In 2015, we collaborated with Burma Partnership on a briefing paper “Voices of Refugees – Situation of Burma’s Refugees Along the Thailand-Burma Border,” which was published online in English on April 27, and in Burmese on June 20. All the 20 interviews for the paper were conducted by Burma Link members in different Thai border refugee camps. Burma Link was also one of the organisations to produce the 2015 Submission to the United Nations Universal Periodic Review (UPR) on Refugees and Displaced Persons (Burma/Myanmar). In 2016, we collaborated with the Human Rights Foundation of Monland (HURFOM) and Burma Partnership to produce a report, “Invisible Lives: The Untold Story of Displacement Cycle in Burma,” bringing attention to the plight of Mon IDPs.
Burma Link was legally registered as a non-profit organisation in August 2013. Burma Link operates with volunteer staff members and local interns, all of whom are deeply committed to our Vision, Mission and Values. In addition, a Governing Board made up of four local and international professionals representing Burma Link’s members provides overall sanctioning of Burma Link’s operation.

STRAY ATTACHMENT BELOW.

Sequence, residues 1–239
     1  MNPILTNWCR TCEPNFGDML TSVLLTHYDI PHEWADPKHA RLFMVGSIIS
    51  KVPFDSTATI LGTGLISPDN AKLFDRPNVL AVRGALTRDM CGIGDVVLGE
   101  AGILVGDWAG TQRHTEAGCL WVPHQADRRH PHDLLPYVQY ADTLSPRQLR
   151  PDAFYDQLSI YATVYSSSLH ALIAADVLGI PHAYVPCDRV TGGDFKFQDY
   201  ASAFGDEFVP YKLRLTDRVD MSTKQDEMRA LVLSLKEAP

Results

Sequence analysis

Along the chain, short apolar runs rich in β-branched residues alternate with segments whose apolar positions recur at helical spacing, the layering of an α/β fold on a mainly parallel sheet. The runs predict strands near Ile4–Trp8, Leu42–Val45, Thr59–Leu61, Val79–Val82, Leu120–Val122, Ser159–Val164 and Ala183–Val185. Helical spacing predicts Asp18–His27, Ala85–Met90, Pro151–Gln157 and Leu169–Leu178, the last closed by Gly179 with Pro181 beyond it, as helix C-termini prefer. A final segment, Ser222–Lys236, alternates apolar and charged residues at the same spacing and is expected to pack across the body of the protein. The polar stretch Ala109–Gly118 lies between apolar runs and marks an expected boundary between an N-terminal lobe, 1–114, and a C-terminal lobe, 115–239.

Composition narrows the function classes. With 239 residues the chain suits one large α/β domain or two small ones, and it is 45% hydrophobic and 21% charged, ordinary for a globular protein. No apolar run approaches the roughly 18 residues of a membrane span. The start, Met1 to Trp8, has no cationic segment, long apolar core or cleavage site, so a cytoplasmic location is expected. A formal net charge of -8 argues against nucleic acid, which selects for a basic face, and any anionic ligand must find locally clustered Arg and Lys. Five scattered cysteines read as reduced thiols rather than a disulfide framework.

We are particularly proud of our achievements considering that Burma Link is still run by non-paid volunteers who are driven by sheer passion and determination. Everything we do is based on assessed impact and not driven by funding potential.
All our work stems from ideas on how we can drive change We are deeply passionate about Burma issues and genuinely care about including Burma’s marginalised populations into the country’s transition. We would never jeopardise anyone’s identity or dignity in order to “get a good story”. We respect the people’s feelings and concerns and will always put them before media coverage or anything else. We consistently work with high levels of respect and consideration for the people of Burma in everything we do.